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Don’t Let Great Powers Carve Up the World: Spheres of Influence Are Unnecessary and Dangerous

Author: Hal Brands

Affiliation: Johns Hopkins School of Advanced International Studies (SAIS) 

Organization/Publisher: Foreign Affairs

Date/Place: April 20, 2020/USA

Type of Literature: Journal Article

Word Count: 2590

Link:https://www.foreignaffairs.com/articles/china/2020-04-20/dont-let-great-powers-carve-world  

Keywords: Spheres of Influence, US Hegemony, Revisionist Powers, and Geopolitical Rivalry

Brief: 

Last March, Professor Graham Allison published an article in Foreign Affairs entitled: “New Spheres of Influence,” arguing that the unipolar world dominated by the United States may end, in exchange for the return of “spheres of influence” which would become the most prominent geopolitical feature of the 21st century, especially with the rise of China and the resurgence of Russia to the international arena. Therefore, the US should recognize this reality and allow them to dominate their regional neighborhood as exclusive spheres of influence because the spheres of influence would enhance global stability and peace and avoid a clash of superpowers that would lead to further international disorder (Find here a brief of Allison’s article). In this article, Hal Brands responds to Allison’s arguments, seeing them as attractive but false. The author thinks that it is too early to concede spheres of influence to these rising powers. Rather, it would be a major strategic mistake for the US if it considers Allison’s advice because it is still able to correct some mistakes and extend the life of its hegemony further. In his debate, Brands presents a set of critical arguments for Allison’s hypotheses. One of the anchored American traditions, as Brands argues, is the US’ refusal to create other great powers for exclusive spheres of influence, especially those run by reckless authoritarian regimes. This historical achievement must not be lost in vain for mere promises of stability or premature concessions in favor of a bleak future. Since the nineteenth century, Washington rejected the idea that any European power should have a sphere of influence in North America and worked to expel the Europeans from there. Years after, it joined the First and Second World Wars to prevent Germany from dominating the European continent and the ancient world, and it fought to deprive Japan of achieving a sphere of influence in the Pacific. During the Cold War, the Americans never accepted Soviet control of Eastern Europe and worked hard to pull its states into Western orbit through intelligence activities, supporting opponents and revolutions against communism there. Accordingly, supporting the creation of spheres of influence runs counter to the basic principles of US foreign policy. Moreover, allowing authoritarian powers like China and Russia to create spheres of influence would hinder the US from spreading the values of democracy and liberalism in those regions, and it would increase the democracy crisis in the world because authoritarian powers will coerce neighbors to adopt their models; Washington would also be deprived of the opportunities of huge East Asian commercial markets in particular. Brands argues that the delineation of spheres of influence between the major powers does not necessarily lead to the separation of competitors and avoiding collision between them, but rather may allow the rising revisionist powers to provoke and seize opportunities to bring about change in the international system, just as occurred in the Cold War when the Soviets did not hesitate to repeatedly test the American red lines, which caused high-risk global crises such as the Cuban nuclear missile crisis. The spheres of influence did not preclude the increasingly intense violence and rivalry between the two powers across the Third World. Moreover, insecurity is not driving the behavior of revisionist powers as Allison claims, but they have limited grievances that can be easily appeased. Ideology and the search for greatness – not insecurity – often lead the behavior of great powers, and revisionist powers also tend to negotiate previous deals simply after they get more power; therefore, concessions to these revisionist powers may simply lead to their conviction that the existing system is a fragile one with red lines that can be tested more by pushing for new claims and even hostile behaviors. For example, if Washington allowed China to control Taiwan, Taiwan would become only a platform for China to launch from to push the US out beyond the islands that extend from Japan to Taiwan to the Philippines and all of the Western Pacific, which would be, in turn, a stepping stone to a larger goal. Nevertheless, the author presents some “reassuring indications” that both Russia and China, despite their advantages and strengths, will not be able to easily create exclusive spheres of influence at present. NATO continues to create a credible deterrent to Russian aggression in eastern Europe, and Russia will suffer a lot in its attempts to annex Ukraine; and it will not be able to become a major foreign power in the Middle East unless the US decides to give up its role there. As for China, it will not be able to control the South China Sea in the way that the US did in the Caribbean Sea before its rise as a world power, simply because China is surrounded by strong neighbors backed by the US, unlike the case of the United States at the end of the 19th century. In sum, the US still has an opportunity to mend its relations with allies in Europe and the Pacific (after Trump hurt them), and it must also realize the difficulty of creating exclusive spheres of influence by Russia and China, unless Washington allows them. This is a very early matter.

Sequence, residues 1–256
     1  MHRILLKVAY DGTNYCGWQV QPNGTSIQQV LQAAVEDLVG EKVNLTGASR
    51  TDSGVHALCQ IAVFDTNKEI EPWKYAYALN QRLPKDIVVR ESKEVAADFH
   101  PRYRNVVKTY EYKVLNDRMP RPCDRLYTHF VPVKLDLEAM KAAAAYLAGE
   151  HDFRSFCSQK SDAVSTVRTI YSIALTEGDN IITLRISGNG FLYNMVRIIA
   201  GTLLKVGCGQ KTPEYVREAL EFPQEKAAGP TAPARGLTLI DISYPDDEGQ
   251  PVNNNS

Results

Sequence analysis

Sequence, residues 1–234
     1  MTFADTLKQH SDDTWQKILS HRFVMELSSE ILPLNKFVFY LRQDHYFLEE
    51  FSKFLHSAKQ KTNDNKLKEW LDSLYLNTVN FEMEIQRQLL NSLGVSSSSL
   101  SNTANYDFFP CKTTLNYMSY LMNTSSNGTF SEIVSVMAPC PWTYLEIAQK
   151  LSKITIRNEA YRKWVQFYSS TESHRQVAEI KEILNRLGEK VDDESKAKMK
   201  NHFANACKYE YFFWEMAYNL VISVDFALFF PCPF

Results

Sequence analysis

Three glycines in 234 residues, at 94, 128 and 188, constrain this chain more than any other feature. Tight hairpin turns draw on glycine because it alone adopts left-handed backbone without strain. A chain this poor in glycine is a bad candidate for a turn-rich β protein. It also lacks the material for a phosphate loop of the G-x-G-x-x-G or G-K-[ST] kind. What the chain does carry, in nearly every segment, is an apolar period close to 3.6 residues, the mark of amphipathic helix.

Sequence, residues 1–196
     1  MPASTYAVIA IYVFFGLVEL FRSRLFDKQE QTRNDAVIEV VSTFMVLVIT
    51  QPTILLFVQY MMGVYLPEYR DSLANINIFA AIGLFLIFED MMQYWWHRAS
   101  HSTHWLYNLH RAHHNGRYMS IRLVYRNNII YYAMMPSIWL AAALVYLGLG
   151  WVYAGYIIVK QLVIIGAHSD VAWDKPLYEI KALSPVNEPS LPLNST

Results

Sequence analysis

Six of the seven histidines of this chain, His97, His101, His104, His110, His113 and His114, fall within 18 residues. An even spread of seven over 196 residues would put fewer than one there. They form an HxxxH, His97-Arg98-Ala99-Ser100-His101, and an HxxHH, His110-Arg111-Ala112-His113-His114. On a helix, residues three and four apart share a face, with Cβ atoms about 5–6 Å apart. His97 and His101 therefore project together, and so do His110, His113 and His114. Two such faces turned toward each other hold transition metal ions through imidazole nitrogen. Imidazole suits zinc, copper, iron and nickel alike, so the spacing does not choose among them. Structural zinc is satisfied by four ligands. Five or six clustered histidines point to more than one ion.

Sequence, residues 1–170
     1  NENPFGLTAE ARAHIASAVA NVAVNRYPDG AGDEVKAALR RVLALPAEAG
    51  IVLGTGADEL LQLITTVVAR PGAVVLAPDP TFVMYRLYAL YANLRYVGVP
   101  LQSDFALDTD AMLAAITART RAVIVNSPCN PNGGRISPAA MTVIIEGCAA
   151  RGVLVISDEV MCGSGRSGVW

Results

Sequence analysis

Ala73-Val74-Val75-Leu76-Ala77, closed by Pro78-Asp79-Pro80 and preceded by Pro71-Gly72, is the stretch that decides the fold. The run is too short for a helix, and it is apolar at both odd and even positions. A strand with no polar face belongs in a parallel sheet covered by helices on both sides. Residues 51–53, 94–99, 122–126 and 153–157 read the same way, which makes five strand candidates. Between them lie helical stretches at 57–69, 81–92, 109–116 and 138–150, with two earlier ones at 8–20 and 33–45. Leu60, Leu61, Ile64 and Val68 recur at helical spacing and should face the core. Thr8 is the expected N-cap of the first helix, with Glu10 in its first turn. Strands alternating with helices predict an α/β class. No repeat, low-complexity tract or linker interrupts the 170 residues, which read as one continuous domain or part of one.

By: Djallel Khechib, CIGA Senior Research Associate

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